From its beginnings Art Deco drew upon the “exotic” in two different senses of the term: both borrowing from non-Western cultures and in a very sensual means of expression. Among the many exotic influences that contributed to the emergence of the Art Deco style were the opulent sets and costumes of Les Ballets Russes (The Russian Ballet) which arrived in Paris in 1909 and set off an explosion in the design and fashion world. From the Ballets Russes it was just steps to Josephine Baker — the celebrated American-born entertainer who shocked and delighted Parisian audiences with a sophisticated fusion of the primitive and modern black American music and dance, often in the nude. (image 4)
Tropical flora and fauna, bird and animal life became commonplace, used as both form and decorative motif. Exotic furniture commissioned by leading French tastemakers, such as a black and gold lacquered wood Screen, 1928, and Canoe (Pirogue) day bed, ca. 1919-1920 both by Eileen Gray, lead to a room setting displaying works for the couturier and collector Jacques Doucet — which includes such objects as a Mantelpiece and Pair of Andirons, ca. 1928 designed by Jacques Lipchitz, and a Pierre Legrain Chair, ca 1924, all designed for Doucet’s Paris studio.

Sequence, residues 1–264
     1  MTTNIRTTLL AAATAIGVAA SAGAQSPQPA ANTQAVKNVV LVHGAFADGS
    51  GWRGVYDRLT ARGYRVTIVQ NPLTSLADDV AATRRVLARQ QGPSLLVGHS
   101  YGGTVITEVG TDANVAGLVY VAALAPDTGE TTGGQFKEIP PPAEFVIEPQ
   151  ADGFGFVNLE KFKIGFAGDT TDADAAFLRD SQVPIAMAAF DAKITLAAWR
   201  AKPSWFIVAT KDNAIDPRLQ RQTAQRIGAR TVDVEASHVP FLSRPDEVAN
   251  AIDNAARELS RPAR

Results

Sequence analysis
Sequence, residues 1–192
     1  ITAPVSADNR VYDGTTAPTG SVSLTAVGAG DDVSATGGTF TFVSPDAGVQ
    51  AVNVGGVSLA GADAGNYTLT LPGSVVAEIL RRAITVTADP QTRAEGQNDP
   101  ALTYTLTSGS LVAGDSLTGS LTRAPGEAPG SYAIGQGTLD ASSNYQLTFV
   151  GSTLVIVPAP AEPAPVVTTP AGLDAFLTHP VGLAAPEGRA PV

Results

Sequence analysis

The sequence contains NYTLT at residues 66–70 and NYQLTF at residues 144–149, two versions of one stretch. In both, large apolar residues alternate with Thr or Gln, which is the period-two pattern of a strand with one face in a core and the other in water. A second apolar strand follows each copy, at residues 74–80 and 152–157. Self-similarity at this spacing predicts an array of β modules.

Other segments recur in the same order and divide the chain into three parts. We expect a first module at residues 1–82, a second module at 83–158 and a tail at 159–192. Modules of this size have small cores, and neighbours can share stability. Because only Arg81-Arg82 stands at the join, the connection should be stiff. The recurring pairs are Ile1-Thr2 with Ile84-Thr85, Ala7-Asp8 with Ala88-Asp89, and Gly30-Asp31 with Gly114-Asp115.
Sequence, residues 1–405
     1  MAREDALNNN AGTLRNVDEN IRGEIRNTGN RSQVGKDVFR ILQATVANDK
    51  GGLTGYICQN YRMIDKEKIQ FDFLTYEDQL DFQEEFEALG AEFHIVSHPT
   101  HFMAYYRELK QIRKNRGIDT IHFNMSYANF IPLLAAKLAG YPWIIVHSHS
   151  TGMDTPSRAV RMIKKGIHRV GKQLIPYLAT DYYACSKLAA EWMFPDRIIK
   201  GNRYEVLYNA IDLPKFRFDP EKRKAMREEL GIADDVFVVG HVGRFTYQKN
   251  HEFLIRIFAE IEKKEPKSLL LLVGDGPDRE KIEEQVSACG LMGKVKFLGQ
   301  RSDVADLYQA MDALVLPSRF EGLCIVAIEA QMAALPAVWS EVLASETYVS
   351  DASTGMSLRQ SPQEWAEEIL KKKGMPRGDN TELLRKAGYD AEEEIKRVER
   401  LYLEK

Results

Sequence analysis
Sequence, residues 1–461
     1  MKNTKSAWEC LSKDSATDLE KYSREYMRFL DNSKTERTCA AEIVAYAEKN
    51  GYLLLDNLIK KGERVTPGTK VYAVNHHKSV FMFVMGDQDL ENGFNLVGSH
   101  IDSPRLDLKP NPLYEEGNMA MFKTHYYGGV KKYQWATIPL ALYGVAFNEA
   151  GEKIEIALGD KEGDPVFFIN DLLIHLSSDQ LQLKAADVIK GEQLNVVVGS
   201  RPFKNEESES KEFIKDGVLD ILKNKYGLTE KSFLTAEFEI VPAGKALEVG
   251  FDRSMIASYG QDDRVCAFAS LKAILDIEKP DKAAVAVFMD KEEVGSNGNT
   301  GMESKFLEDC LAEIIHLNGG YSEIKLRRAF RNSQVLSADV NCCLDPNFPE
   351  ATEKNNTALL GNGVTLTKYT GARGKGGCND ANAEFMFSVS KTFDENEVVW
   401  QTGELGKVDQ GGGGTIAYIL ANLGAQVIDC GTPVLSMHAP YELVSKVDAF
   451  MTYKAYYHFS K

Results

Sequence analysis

The seeds of the “Modern” phase of the Art Deco style were already planted at the 1925 Paris Exposition. By the late 1920s, progressive designers, inspired by the visual repertoire of the avant-garde, had turned to the abstract and geometric for both form and decoration. The early French Art Deco motifs, replete with stylized fruits and flowers and leaping gazelles were set aside. “Modern” designers, often as driven by social and economic imperatives as by design concepts, adopted an increasingly spare style better suited to mass production. The rare and exotic woods of early French Art Deco furniture increasingly gave way to tubular steel and other metals.